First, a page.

Because I work at home, my everyday wardrobe is dominated by t-shirts and jeans. But a few times a year I travel to conferences for work, and each time I have to wear a costume: my professional one.
To me, the words slacks and blouse are cringe-worthy. They aren’t as offensive as moist, because slacks and blouse are missing the dreaded oi combo, but I still feel compelled to say the words in a nasally voice, making it clear that these articles of clothing — if not the words themselves — are undesirable.
A few years ago, as I squirmed uncomfortably in our conference booth, tugging at my collar and re-tucking my shirt, a male colleague pointed out that I wasn’t required to dress so formally. Many of the other conference attendees and exhibitors wore t-shirts, and wearing one of our company-branded short-sleeve shirts was always an option. I explained that I didn’t want anyone to see my tattoos, one of which now goes from my left shoulder to my elbow. “Why do you hide them?” he asked. I told him I liked to dress the part.
As a woman in the male-dominated world of open source technology, my “work costume” is key. I’m already somewhat of a novelty. A decade ago, for example, when a conference attendee (usually a male) walked up to my booth, he didn’t assume I was the managing editor of the tech magazines spread out in front of him. Instead, if he spoke to me at all, he’d ask whether any of our editors were at the conference. My slacks and blouse didn’t firmly place me in the “booth babe” category, so generally visitors assumed I worked in marketing or had another, less-technical role at the company. Still, I knew I had to dress the part if I wanted to be acknowledged at these events. Any outfit too short could swing me to the booth-babe side, and anything that showed my tattoos made me worry that I would look like part of a freak show. So I kept my clothing fairly vanilla, somewhat ironed, lint brushed and professional.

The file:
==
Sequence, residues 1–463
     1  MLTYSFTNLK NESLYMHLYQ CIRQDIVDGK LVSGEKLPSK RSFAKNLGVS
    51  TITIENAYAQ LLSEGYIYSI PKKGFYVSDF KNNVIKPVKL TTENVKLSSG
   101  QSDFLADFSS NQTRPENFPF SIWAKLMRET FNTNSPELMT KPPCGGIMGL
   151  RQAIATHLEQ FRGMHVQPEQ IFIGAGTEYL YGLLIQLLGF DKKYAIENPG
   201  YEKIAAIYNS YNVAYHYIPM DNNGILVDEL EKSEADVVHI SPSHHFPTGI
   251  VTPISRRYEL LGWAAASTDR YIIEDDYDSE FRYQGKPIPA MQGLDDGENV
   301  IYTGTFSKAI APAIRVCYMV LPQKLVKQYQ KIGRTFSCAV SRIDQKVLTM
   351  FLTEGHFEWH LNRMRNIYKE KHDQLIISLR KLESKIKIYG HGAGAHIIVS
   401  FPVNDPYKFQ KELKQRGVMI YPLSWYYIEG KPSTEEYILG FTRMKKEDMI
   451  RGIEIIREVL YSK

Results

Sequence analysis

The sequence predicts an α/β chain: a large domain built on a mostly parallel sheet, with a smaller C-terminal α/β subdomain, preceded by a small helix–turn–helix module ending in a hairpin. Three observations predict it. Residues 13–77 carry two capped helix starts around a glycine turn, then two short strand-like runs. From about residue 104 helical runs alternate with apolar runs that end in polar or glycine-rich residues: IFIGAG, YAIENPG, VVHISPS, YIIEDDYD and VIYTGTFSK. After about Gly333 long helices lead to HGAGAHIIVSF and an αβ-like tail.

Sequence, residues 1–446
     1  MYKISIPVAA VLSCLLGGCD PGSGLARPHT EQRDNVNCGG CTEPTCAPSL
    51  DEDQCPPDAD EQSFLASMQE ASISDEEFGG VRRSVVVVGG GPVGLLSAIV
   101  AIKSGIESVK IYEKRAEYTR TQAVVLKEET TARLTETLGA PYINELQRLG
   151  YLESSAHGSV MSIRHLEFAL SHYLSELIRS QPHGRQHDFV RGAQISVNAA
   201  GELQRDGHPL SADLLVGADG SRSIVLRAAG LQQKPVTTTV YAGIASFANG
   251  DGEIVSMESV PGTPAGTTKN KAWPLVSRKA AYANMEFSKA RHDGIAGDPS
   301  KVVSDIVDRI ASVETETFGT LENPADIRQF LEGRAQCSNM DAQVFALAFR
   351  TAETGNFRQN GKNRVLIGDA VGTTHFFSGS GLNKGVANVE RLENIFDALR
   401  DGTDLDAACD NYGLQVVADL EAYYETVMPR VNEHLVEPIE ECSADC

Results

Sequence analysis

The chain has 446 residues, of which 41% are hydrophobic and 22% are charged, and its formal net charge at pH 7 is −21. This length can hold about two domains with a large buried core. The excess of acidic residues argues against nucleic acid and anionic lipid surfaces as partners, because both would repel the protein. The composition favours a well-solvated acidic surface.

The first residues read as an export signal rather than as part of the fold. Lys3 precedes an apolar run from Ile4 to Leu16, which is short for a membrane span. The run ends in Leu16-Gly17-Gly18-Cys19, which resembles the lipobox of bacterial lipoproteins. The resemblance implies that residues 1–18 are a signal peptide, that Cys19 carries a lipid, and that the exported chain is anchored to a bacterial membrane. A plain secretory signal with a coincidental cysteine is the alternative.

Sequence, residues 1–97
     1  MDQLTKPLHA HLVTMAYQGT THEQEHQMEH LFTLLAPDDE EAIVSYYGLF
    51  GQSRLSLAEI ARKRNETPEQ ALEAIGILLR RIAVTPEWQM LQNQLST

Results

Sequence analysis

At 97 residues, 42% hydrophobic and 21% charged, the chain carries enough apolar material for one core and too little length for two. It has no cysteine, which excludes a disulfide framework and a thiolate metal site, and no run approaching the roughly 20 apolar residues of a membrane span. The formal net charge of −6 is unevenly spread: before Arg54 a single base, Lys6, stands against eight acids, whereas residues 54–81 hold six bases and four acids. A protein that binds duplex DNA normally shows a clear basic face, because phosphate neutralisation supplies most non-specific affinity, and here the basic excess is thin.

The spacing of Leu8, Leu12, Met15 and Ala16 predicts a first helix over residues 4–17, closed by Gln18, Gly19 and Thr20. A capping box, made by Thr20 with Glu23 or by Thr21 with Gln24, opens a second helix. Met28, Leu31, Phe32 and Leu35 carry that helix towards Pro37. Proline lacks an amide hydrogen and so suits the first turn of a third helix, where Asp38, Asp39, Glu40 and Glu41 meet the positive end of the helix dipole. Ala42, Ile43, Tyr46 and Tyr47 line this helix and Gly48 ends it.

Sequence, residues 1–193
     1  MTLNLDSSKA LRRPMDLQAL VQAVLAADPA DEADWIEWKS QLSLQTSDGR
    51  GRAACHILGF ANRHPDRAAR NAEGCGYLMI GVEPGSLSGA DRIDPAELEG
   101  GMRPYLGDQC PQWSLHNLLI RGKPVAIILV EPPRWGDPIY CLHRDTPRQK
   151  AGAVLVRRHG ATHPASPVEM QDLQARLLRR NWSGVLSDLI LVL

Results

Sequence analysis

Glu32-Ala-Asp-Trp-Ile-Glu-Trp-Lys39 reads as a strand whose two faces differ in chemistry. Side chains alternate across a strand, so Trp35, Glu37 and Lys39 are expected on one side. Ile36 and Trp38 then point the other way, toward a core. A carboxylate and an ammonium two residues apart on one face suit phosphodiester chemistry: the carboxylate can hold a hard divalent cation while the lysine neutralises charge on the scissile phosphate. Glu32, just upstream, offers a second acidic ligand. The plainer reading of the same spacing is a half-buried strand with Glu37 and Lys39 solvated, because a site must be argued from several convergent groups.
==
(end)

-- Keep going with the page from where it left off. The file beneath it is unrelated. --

Like it or not, people make assumptions about you based on how you are dressed. I can stand at the booth, surrounded by tech magazines, and can talk to visitors about our articles, authors, and subscription options, but if I’m wearing my Alice Cooper concert tee with my tattoos hanging out all over the place, I don’t know how much they’re going to hear me. The simple slacks-and-blouse combo minimizes my appearance and maximizes my ability to do my job.
More women seem to be trickling into my field, but we’re still very much a minority. I’m older now, so I don’t have to worry about being mistaken for a booth babe, and I like to think the world of open source technology is becoming a little more diverse. I now have more than 15 years in my field, so I no longer feel like I have to prove myself at every conference expo I attend. But I still always wear my professional ensemble. When I’m at home writing and editing, I’ll still wear my t-shirt and jeans with my cat curled up in my lap. But when you see me at a conference, I’ll be dressed for the part, in costume: my freshly-pressed slacks and a blouse.